Bill Cosby has responded to the release of We Need to Talk About Cosby, W. Kamau Bell’s docuseries, which was screened at Sundance Film Festival last weekend. Over the course of four parts, Bell examines the complicated legacy of the actor-comedian, who was simultaneously known as “America’s Dad” as well as an accused sexual predator of upwards of 60 women.
“Mr. Cosby has spent more than 50 years standing with the excluded; made it possible for some to be included; standing with the disenfranchised; and standing with those women and men who were denied respectful work because of race and gender within the expanses of the entertainment industries,” Cosby’s rep, Andrew Wyatt, said in a statement, calling Bell a “PR hack.”
Wyatt adds that Cosby “continues to be the target of numerous media that have, for too many years, distorted and omitted truths… intentionally.”
Cosby was convicted of sexual assault in 2018 and served more than two years in prison before the Pennsylvania Supreme Court overturned the conviction last summer on appeal. In November, prosecutors in Montgomery County, Penn. filed an appeal with the U.S. Supreme Court to review Pennsylvania’s Supreme Court decision.
“Mr. Cosby knows the realities of prosecutorial violations; and that those violations are threats to the integrity of our nation’s criminal justice systems,” Wyatt says. “That is a subject matter for a professional documentary. Let’s talk about Bill Cosby. Mr. Cosby vehemently denies all allegations waged against him. Let’s talk about Bill Cosby. He wants our nation to be what it proclaims itself to be: a democracy.”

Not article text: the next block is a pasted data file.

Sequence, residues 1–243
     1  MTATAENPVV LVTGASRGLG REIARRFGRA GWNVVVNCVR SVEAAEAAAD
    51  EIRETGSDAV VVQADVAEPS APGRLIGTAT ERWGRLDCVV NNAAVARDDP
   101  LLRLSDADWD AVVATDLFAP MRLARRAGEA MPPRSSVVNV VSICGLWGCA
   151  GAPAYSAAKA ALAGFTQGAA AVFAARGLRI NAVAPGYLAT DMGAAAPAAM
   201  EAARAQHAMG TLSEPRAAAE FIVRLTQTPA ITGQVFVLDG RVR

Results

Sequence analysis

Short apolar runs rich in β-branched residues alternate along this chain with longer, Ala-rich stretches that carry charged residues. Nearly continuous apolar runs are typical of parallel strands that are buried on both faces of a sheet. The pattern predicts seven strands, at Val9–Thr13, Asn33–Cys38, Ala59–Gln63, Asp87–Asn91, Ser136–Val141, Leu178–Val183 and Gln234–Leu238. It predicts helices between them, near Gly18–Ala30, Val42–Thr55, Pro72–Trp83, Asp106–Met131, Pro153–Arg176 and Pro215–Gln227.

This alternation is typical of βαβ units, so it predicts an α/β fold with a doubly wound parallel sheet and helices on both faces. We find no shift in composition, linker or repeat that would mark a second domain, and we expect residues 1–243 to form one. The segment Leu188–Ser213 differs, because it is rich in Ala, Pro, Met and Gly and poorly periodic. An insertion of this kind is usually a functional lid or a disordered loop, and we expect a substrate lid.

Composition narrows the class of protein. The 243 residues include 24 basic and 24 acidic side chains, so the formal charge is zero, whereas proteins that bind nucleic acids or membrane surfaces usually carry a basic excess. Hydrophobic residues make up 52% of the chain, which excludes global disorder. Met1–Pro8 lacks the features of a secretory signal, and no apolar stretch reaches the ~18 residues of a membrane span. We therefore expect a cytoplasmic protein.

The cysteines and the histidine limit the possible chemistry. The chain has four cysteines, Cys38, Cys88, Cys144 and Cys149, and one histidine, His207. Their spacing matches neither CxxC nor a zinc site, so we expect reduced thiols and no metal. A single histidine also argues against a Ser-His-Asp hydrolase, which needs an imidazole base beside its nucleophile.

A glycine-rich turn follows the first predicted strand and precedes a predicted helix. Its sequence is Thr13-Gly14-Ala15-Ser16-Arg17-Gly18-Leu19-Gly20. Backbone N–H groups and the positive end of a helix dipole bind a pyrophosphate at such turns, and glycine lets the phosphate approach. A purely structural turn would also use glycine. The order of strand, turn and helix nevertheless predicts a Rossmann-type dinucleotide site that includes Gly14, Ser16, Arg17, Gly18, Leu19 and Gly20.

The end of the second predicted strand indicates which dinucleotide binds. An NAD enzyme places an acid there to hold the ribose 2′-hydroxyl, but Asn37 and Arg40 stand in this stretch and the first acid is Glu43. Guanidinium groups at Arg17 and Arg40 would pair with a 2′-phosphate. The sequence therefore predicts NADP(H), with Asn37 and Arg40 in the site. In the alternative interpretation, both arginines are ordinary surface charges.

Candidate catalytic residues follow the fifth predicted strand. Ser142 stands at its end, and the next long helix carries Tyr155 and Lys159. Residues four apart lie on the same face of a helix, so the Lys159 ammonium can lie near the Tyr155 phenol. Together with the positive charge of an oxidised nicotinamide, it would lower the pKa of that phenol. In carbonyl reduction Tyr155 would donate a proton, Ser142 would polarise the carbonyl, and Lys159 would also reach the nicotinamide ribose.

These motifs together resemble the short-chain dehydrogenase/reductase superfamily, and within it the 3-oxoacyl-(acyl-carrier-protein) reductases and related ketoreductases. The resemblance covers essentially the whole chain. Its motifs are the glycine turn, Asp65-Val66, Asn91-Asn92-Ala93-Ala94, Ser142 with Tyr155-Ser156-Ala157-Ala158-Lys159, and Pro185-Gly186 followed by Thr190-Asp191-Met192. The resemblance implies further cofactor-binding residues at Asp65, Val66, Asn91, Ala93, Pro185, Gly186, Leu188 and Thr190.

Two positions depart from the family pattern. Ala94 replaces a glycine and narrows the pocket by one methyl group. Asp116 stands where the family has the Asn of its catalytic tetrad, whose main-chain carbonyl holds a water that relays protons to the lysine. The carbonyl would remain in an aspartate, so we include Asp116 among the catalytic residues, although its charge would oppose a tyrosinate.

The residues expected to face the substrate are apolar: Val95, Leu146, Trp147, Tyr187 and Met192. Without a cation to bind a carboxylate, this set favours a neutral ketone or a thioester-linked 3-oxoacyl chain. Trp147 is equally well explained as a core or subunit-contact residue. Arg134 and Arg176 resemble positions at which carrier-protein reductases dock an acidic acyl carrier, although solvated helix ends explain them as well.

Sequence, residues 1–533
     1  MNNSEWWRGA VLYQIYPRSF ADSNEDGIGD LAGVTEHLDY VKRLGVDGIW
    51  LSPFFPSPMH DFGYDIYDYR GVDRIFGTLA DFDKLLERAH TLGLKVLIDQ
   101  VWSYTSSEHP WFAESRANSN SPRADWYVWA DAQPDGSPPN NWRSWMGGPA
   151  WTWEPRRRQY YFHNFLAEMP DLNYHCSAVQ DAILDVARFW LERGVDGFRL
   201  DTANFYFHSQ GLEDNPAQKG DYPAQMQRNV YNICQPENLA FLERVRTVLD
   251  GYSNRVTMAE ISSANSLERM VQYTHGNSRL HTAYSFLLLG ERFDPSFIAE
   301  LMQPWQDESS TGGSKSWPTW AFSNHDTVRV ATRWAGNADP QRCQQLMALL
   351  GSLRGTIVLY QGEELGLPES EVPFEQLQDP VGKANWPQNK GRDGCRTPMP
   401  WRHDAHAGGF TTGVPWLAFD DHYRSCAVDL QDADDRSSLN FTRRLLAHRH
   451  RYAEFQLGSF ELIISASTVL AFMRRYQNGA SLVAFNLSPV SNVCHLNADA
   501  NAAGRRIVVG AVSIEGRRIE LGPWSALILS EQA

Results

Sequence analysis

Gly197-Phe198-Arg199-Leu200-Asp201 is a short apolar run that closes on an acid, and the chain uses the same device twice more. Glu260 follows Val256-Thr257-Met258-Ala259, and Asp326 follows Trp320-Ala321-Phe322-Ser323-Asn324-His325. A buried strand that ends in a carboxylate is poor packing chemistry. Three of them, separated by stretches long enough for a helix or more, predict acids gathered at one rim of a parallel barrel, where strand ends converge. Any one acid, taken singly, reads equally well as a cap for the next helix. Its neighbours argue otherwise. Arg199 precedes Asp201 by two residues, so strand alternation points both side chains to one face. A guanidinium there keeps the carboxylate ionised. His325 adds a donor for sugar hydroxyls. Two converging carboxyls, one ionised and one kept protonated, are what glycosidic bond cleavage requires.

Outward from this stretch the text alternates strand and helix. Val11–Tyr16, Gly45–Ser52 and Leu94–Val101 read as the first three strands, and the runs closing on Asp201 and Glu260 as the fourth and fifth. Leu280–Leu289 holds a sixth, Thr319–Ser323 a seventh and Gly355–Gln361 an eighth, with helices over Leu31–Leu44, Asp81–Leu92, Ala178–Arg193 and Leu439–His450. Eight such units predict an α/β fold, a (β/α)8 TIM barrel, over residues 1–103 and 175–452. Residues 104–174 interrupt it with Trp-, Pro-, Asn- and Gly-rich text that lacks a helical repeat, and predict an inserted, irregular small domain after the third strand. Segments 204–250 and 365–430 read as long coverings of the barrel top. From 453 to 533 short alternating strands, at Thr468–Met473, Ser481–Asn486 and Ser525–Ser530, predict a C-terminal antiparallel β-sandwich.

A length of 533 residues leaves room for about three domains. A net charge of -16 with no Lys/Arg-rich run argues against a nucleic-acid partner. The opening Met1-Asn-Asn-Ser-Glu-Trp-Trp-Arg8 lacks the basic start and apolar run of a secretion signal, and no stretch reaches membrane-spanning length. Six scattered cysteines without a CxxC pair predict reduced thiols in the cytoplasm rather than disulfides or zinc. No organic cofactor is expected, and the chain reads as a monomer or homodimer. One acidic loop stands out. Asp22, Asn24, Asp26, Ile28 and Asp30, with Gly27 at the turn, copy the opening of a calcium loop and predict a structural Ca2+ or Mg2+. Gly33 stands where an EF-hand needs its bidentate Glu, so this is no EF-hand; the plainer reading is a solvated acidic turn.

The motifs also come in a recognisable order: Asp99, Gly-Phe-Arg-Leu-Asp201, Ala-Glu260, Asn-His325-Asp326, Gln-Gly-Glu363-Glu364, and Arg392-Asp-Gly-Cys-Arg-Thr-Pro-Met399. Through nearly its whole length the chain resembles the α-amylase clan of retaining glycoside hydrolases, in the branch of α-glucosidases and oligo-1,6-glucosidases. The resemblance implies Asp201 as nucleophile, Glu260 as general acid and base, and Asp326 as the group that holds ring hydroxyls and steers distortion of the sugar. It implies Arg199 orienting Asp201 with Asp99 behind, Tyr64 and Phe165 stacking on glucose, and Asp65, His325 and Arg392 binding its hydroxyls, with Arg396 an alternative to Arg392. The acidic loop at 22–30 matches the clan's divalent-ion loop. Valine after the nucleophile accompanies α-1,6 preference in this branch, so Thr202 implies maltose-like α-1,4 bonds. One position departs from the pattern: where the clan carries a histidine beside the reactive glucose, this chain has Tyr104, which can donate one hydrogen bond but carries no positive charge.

We Need to Talk About Cosby delves into all facets of Cosby’s barrier-breaking career while also offering an unvarnished look at his alleged predatory behavior, with a number of women who recounting how Cosby allegedly drugged and raped them in graphic detail. The series also features interviews with Cosby costars, fellow comedians, and critics, who grapple with the comedian’s influential status and how that squares against what was allegedly happening behind the scenes. The series is set to debut on Showtime on Sunday night.
“We Need to Talk About Cosby knows that, in order to reckon with the then and the now of this story, the conversation can’t be swept under the rug,” Rolling Stone’s David Fear wrote in his review of the series. “[Bell] knows that people … have been trying to process the profound schism we experienced regarding what we saw in this massive cultural figure and what we now know about him. These conversations, he noted in his introduction to the virtual screening, had ‘been happening behind closed doors. I think we have to have them out in front of everybody [now].'”